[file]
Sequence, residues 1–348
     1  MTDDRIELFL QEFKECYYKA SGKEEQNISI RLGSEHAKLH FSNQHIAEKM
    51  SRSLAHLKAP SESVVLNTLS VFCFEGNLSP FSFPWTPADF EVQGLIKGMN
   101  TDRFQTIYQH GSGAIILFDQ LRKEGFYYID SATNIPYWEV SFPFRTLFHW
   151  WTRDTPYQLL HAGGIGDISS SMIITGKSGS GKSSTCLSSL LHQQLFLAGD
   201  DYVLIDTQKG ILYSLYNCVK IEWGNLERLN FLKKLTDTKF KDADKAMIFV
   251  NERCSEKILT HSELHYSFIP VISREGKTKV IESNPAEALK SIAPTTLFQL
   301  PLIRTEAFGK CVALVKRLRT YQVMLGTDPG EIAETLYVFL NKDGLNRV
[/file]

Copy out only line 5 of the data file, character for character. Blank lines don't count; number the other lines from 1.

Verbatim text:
   151  WTRDTPYQLL HAGGIGDISS SMIITGKSGS GKSSTCLSSL LHQQLFLAGD